Feed-in tariffs can be tricky. Many providers will use high FiT to attract solar customers, but pair them with a plan that has much higher usage rates for grid electricity.

With one of these plans, a solar customer could easily end up paying more on usage than they save with solar exports. It's better to get a competitive plan with low usage rates than to zero in on high FiTs in most cases.

Are feed-in tariffs the be all, end all?

Not anymore, no. Instead, the real benefits from a solar system come from self-consumption or using as much of the power you generate yourself as possible.

Here's why:

  • Initially, FiTs way higher than usage costs incentivised solar owners to export as much of their power as possible.
  • Feed-in tariffs have tumbled with the declining cost of installing solar systems, even as usage rates continue to climb.
  • Exporting your power at 12c/kWh no longer makes sense when you could instead use it yourself, saving you the 20-30c/kWh you'd pay to buy that energy from the grid.

To benefit the most from self-consumption, try to adjust your power usage habits to line up with the time your solar panels are generating (daytime). Alternatively, you could invest in solar batteries to save the power for use later, but these will extend the time it takes for your solar system to pay for itself.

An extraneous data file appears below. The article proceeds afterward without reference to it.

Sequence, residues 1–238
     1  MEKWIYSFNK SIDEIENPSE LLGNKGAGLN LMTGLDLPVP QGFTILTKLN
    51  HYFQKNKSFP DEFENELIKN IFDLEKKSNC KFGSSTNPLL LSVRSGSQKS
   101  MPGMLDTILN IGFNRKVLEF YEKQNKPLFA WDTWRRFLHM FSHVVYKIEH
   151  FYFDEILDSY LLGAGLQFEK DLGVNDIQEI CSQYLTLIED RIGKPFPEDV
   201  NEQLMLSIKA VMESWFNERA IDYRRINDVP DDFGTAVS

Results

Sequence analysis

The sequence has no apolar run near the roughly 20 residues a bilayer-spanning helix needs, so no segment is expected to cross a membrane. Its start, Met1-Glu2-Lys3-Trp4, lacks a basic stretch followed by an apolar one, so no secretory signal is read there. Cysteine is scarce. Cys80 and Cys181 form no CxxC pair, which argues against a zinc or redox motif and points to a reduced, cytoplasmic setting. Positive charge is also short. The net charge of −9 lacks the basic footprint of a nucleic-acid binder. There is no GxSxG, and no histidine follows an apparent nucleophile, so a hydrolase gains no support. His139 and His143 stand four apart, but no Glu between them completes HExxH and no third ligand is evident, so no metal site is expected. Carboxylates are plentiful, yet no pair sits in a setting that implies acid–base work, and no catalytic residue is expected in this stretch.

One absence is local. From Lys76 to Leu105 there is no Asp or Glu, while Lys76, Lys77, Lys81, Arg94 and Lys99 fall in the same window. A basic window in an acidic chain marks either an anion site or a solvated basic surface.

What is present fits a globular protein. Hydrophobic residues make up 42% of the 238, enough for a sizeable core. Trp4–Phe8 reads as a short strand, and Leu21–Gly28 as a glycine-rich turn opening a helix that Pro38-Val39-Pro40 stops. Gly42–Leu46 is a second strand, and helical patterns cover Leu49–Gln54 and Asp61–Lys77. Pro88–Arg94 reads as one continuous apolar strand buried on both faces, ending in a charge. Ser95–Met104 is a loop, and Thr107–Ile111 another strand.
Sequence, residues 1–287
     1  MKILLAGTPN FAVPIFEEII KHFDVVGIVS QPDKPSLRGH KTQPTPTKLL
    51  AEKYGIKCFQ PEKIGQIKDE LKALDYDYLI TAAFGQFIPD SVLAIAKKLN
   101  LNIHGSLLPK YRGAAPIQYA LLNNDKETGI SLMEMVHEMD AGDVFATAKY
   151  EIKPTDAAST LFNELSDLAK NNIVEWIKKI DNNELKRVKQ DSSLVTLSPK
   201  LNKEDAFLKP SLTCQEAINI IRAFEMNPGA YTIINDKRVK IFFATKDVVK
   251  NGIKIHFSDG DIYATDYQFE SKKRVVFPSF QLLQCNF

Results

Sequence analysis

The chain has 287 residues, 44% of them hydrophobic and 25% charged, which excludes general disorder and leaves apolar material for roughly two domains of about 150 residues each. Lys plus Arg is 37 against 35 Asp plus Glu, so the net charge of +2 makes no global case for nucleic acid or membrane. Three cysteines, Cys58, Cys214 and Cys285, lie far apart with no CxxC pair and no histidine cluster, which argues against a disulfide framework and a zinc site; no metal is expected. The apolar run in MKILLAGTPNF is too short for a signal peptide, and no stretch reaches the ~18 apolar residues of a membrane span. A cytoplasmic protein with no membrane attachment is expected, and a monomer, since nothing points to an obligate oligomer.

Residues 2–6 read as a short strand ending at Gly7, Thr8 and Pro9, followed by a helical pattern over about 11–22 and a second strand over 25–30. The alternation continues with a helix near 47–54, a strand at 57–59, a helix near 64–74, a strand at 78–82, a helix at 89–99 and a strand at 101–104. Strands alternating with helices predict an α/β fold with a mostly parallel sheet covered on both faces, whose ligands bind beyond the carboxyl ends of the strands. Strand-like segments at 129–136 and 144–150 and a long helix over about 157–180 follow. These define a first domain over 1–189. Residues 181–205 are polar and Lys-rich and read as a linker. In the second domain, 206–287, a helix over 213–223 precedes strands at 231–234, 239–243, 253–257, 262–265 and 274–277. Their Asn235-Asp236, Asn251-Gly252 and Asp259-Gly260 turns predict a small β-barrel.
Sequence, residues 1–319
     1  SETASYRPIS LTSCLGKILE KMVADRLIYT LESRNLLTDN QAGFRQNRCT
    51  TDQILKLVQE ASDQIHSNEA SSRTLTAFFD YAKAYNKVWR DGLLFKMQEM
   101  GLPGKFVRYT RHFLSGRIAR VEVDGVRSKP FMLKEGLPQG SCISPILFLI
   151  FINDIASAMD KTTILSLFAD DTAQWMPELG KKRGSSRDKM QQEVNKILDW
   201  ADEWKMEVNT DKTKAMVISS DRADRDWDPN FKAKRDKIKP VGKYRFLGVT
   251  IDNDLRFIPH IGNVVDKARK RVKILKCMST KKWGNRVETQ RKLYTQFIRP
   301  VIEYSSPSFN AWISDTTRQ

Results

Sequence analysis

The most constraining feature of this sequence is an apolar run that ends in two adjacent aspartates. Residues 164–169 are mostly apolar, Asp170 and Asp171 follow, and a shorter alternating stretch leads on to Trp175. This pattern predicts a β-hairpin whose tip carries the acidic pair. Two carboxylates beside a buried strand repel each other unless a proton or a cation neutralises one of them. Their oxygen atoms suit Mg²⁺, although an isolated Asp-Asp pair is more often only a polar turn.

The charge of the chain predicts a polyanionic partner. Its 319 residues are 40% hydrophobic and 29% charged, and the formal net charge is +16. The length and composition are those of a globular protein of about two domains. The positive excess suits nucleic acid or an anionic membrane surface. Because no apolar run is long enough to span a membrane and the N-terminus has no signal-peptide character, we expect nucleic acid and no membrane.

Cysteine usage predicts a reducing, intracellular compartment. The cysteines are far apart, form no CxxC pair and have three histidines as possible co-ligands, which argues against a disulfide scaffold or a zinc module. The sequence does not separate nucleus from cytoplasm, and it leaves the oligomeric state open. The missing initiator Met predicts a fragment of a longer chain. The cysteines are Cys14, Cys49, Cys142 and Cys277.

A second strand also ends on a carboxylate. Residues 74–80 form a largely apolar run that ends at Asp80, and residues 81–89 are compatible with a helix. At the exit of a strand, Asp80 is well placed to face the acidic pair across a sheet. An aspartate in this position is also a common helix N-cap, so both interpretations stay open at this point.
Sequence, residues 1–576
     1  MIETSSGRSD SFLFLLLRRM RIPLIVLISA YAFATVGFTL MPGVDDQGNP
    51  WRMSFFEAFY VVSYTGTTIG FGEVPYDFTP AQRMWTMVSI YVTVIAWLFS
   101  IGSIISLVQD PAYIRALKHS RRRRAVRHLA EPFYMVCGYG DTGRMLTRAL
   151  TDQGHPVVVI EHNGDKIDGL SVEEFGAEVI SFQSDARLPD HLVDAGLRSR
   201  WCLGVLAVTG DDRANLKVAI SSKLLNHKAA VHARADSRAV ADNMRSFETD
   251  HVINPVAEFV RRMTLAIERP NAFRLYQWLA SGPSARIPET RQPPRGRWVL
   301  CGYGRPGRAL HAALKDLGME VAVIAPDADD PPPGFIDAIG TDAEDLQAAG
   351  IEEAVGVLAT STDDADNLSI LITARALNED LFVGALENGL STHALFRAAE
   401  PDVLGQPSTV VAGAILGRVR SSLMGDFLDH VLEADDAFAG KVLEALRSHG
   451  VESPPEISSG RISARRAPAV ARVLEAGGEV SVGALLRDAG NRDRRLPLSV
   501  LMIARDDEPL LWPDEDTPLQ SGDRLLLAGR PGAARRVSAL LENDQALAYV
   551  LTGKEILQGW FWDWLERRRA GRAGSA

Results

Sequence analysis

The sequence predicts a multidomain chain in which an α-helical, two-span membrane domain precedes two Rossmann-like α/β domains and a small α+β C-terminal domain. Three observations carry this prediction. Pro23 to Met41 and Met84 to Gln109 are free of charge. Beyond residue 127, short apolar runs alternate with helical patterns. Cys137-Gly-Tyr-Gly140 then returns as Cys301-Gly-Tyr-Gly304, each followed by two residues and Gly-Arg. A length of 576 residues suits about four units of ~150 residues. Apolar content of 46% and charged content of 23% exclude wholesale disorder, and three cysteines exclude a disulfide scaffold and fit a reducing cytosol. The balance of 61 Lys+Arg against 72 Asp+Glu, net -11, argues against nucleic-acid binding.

Solar offers from major providers

Here are the feed-in tariffs available from major energy retailers, grouped by state. FiT schemes are limited, since all states have an upper limit on the size of the system they can accommodate on their distribution network. This is typically around 10kW for single-phase or 30kW for three-phase power.

[existing table under "Best feed-in tariffs in Australia?"]
State:Retailer:Standard FIT:
VictoriaClick Energy12.0c
VictoriaDodo Power & Gas12.0c
VictoriaEnergy Australia12.0c